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Old 02-23-2011, 12:23 PM   #21
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For things that affected my customers, I was pretty good at keeping my attitude positive and did my best to resolve problems and give good solutions. Unfortunately more and more of my job had nothing to do with customers.

For example, we had some software tools that would analyze code and point out possible problems, which of course could impact customers. It used to be we could analyze them and mark exceptions to ignore warnings that really had no impact. But as time went on, we had to start changing the code to keep the tools from putting out the warnings. So not only was I "fixing" code that had no impact on the customer, but the changes I made could possible break something that had been working. That's the kind of work my attitude went south on, and that I started to let linger rather than handle more quickly.

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Old 02-23-2011, 12:59 PM   #22
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Join Date: Jan 2010
Location: Smith
Posts: 743
I retired three days after I could take my pension. There was no benefit to staying so I left. I did my victory lap during the last few months as I slowly gave away my projects.

Sounds like you aren't quite ready to retire yet. Even though you feel you are FI, you seem reluctant to leave. Have you considered easing into it. Maybe ask for reduced hours or if that's not an option, find a part-time job or some contract work and semi-retire. You won't lose your entire income stream and the security. You will also use less (or none depending on your new job) of your savings. You will also get to begin getting used to living on less money without totally relying on your savings.

Kind of the best of both worlds. You can keep an income, get used to your new retirement income, stretch and maybe even increase your savings. Maybe you can find a job that suits you better, or work for yourself. If you were 60, I'd say just do it, but at 40 semi-retirement seems like a good fit.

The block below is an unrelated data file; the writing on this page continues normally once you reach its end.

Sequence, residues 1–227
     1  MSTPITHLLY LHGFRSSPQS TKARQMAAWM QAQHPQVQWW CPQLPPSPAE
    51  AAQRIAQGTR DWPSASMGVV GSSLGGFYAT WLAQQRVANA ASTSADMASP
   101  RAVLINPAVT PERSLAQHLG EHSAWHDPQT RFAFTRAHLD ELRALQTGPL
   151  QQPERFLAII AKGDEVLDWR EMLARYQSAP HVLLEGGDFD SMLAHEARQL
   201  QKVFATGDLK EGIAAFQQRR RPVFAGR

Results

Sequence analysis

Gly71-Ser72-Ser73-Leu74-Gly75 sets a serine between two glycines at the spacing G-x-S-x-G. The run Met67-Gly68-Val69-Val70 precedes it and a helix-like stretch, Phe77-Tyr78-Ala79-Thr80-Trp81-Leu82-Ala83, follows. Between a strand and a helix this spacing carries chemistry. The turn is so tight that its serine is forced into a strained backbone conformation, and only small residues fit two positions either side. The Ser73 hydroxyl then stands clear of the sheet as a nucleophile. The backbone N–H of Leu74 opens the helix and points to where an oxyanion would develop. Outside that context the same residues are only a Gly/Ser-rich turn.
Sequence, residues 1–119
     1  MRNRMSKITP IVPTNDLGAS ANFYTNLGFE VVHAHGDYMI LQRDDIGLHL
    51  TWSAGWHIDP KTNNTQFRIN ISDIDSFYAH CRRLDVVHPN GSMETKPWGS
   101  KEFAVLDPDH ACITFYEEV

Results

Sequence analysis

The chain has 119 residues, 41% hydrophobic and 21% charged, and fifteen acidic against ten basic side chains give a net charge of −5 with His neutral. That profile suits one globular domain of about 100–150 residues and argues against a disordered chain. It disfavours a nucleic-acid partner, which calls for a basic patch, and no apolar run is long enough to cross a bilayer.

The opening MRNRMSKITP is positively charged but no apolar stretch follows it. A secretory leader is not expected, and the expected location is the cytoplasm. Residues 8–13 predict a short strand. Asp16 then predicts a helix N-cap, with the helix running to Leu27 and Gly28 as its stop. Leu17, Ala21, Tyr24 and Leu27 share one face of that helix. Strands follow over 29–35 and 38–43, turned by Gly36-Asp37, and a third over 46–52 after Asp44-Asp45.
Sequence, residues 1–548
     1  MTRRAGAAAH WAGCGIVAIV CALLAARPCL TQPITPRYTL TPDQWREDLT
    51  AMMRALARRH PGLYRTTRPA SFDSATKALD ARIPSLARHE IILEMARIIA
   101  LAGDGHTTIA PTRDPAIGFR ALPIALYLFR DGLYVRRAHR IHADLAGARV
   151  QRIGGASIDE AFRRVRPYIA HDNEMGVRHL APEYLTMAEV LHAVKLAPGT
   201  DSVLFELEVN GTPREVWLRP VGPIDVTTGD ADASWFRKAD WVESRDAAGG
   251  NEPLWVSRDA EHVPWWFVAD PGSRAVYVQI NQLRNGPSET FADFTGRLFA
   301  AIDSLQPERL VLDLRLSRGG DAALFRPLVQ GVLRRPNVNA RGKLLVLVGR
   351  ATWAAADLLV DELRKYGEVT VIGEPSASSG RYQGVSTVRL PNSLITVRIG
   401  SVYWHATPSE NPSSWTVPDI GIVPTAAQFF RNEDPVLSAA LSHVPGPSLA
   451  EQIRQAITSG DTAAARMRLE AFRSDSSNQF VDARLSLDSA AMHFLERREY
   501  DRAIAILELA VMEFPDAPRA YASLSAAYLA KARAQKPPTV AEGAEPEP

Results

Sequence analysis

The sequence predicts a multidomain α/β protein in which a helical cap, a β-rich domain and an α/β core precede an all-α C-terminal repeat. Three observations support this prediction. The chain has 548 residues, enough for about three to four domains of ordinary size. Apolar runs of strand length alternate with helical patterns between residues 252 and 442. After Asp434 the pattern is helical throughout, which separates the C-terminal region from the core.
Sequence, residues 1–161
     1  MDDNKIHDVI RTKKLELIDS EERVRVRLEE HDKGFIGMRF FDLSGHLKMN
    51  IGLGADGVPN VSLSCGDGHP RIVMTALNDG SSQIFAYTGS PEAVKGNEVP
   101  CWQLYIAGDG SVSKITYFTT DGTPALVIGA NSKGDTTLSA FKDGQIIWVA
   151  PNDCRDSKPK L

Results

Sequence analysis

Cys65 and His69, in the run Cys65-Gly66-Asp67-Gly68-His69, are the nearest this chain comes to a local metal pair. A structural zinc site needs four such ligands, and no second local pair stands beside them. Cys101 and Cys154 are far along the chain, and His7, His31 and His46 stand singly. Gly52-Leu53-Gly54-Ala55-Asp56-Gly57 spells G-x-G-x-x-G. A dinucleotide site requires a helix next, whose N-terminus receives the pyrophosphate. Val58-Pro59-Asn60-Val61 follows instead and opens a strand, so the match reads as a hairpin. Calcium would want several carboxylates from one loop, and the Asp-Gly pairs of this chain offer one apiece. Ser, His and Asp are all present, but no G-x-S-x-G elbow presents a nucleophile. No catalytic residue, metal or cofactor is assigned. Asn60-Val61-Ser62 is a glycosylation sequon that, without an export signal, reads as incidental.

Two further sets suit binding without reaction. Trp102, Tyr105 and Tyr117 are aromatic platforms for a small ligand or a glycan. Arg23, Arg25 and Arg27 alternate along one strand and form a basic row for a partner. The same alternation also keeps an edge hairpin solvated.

Retired July 4th, 2010 at age 43
Trout Bum, Writer, Full-Time Dad and Husband

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Old 02-23-2011, 04:13 PM   #23
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Join Date: May 2010
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I'm in a situation similar to you (about the same saved and I'm 43 and have a very lucrative small business). The only caution I would give is that at our age there are still 40+ possible years of retirement ahead.

I'm not sure if 2 million is enough for that amount of time, especially with all the turmoil, debt and uncertainty about taxes in the U.S. I have no idea what your budget and SWR are so maybe you are more than fine. One concern I have is that the U.S. will eventually move toward a more confiscatory position on passive gains, but who knows?

I'm putting in 4 more years and will be more comfortable when I hit the 3 million mark. If I hit 4 million before my final date (which is set in stone) then I'm done that week.

Good luck and congrats on putting such a large nest egg together already!

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